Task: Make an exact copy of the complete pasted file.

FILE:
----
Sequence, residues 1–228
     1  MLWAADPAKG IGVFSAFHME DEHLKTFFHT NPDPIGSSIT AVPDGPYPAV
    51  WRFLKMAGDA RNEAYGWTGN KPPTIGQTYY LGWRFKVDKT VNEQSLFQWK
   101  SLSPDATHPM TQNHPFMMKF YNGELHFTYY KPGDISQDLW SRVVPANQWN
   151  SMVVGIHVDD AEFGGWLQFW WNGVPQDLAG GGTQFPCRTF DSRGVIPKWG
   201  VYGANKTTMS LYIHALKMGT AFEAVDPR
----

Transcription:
Sequence, residues 1–228
     1  MLWAADPAKG IGVFSAFHME DEHLKTFFHT NPDPIGSSIT AVPDGPYPAV
    51  WRFLKMAGDA RNEAYGWTGN KPPTIGQTYY LGWRFKVDKT VNEQSLFQWK
   101  SLSPDATHPM TQNHPFMMKF YNGELHFTYY KPGDISQDLW SRVVPANQWN
   151  SMVVGIHVDD AEFGGWLQFW WNGVPQDLAG GGTQFPCRTF DSRGVIPKWG
   201  VYGANKTTMS LYIHALKMGT AFEAVDPR